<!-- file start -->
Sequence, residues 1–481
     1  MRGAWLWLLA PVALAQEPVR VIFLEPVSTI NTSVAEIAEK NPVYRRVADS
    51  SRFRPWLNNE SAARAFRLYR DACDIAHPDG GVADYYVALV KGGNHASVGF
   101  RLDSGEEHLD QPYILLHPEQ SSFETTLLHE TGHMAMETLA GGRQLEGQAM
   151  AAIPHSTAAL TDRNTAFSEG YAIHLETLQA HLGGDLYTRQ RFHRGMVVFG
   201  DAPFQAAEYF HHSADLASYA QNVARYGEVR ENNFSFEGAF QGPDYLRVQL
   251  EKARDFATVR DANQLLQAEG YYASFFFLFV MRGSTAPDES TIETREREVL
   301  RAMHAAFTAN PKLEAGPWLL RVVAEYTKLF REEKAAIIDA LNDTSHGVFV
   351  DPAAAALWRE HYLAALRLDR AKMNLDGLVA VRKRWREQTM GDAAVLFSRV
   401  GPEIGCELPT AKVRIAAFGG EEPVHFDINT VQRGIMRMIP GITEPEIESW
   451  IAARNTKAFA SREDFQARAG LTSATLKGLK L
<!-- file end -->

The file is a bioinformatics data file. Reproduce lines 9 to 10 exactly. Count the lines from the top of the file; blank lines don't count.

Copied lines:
   351  DPAAAALWRE HYLAALRLDR AKMNLDGLVA VRKRWREQTM GDAAVLFSRV
   401  GPEIGCELPT AKVRIAAFGG EEPVHFDINT VQRGIMRMIP GITEPEIESW